Treatments For High Altitude Sickness

As with most things, the best treatment for high altitude sickness is prevention. For the majority of travelers, life threatening consequences of high altitude sickness are avoidable if ascent is slow, the body is given time to acclimate, descent is initiated early and continues until symptoms abate.

According to studies of deaths related to high altitude sickness, most deaths occur in travelers who are part of organized group treks to high-altitude locations.  People may be reluctant to admit that they are having difficulties because of perceived group pressure or a reluctance to force a change in itinerary, but it is critically important that people seek help.  The treatment of choice is to descend to a lower altitude or, if the symptoms are mild, at least to stay at the same altitude until the symptoms subside. 

In addition to acclimation and descent there are medications and treatments that can be used to prevent or treat symptoms at a mountain camp or on the trail.





Acetazolamide (Diamox)

AMS, HACE prevention

PO 125 mg twice a day Pediatrics: 2.5 mg/kg every 12 h

Prevent or treat AMS. The most common preventative medication. May cause severe allergic reaction, especially if person is allergic to sulfa drugs.  Acidifies the blood and increases respiration. Useful for treating periodic breathing and sleep apnea.  People may experience parasthesias in fingers and toes.

AMS treatment1 PO 250 mg twice a day Pediatrics: 2.5 mg/kg every 12 h


AMS, HACE prevention

PO 2 mg every 6 h or 4 mg every 12 h Pediatrics: should not be used for prophylaxis

Treat AMS and HACE  (prior to onset of coma) while trying to descend.  This may make people feel better but not improve acclimatization so it should be used with caution.

AMS, HACE treatment

AMS: 4 mg every 6 h HACE: 8 mg once, then 4 mg every 6 h Pediatrics: 0.15 mg/kg/dose every 6 h


HAPE prevention

PO 30 mg SR version every 12 h, or 20 mg SR version every 8 h

Effectively lowers pulmonary artery pressure.

  HAPE treatment PO 30 mg SR version every 12 h, or 20 mg SR version every 8 h
Tadalafil HAPE prevention PO 10 mg twice a day Lowers pulmonary artery pressure.


HAPE prevention

PO 50 mg every 8 h

Lowers pulmonary artery pressure.



Prophylactic inhalation

Beta-adrenergic agonists up-regulate the clearance of alveolar fluid and attenuate pulmonary edema in animal models.



600 mg 3 X a day

Treat headache

Furosemide (Lasix)


120mg daily

Treat HAPE, but can lead to collapse if person is dehydrated.



5-10mg PO/IM 3-4 x daily

Treat nausea & vomiting.
Stimulates respiration.



12.5 mg PO/PR TID & 25mg HS

Treat nausea in AMS




O2 lowers systolic pulmonary artery pressure

Instant feedback:

Medications are the most important treatment for AMS.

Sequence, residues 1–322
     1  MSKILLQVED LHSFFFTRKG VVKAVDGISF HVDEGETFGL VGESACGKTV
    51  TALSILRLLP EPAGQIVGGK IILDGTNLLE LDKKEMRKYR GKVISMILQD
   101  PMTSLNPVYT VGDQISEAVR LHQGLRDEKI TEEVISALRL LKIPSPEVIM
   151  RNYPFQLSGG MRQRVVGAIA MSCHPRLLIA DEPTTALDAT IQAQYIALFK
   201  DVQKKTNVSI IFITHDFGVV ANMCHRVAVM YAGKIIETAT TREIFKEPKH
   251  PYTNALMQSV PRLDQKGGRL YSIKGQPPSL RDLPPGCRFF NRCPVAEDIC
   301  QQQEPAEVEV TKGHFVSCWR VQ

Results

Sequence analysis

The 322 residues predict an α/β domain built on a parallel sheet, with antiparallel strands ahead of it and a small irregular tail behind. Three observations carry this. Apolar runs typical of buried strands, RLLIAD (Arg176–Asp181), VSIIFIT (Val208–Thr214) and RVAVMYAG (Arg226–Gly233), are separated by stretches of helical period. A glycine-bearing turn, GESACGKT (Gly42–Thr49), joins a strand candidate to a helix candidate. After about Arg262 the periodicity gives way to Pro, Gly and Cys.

Portable hyperbaric chamber

Several portable hyperbaric chambers are now available for treatment of severe forms of altitude sickness.  They are all fairly similar in that they are lightweight, air-impermeable bags that enclose the person and are inflated to a pressure that is significantly higher than the ambient atmosphere. 

The portable hyperbaric chamber (Gamow®, Certec®, PAC®) is often simply referred to as the Gamow bag, named after its inventor, Dr. Igor Gamow.  It is now widely used among adventure travel tours, trekking groups, and mountain climbing expeditions.  These portable chambers have saved many lives. 
A person who is experiencing symptoms of high-altitude sickness is sealed inside the portable hyperbaric chamber, and the air pressure is increased around the person, simulating descent of as much as 7000 feet. The bag is constructed of nylon with a zippered opening to allow the person to crawl inside (or be placed inside). The bag is then sealed and inflated. There are 4 small clear windows to allow visual contact.  The bag is pressurized with ambient air to 2 pounds per square inch by means of a foot pump.  The portable chamber folds up into a backpack weighing less than 15 pounds so that it can be carried on high altitude treks.
People are usually treated in 1-hour increments and then re-evaluated.   Some bags have CO2 scrubber systems, but if it’s not present, someone needs to continue pumping several times per minute to flush fresh air through the system, and that can be tiring.  After the first hour, additional hours of cycles of artificial descent may be needed until the person has improved enough that no further treatments are necessary or the person is able to descend to a lower level.  Relief usually occurs within minutes, but there may be rebound effects if treatments are too short.

Typical total treatment times are as follow:

It’s important to compress and decompress the bag slowly, while talking to the person inside as that person may be very stressed and frightened.  If a small oxygen tank is available, it can be placed inside of the hyperbaric bag so that the person can receive oxygen (4-6 l/min) during treatment.  Persons suffering from HAPE may need to have the head of the bag elevated 12-16 minutes, at least initially.  If the weather is cold, a sleeping bag should be inside of the hyperbaric bag.  If the treatment is being conducted outside in the sun, the bag should be shaded to avoid overheating the person inside. 
Contraindications to using the bag:

Instant feedback:

Several portable hyperbaric chambers are available to treat high altitude sickness.

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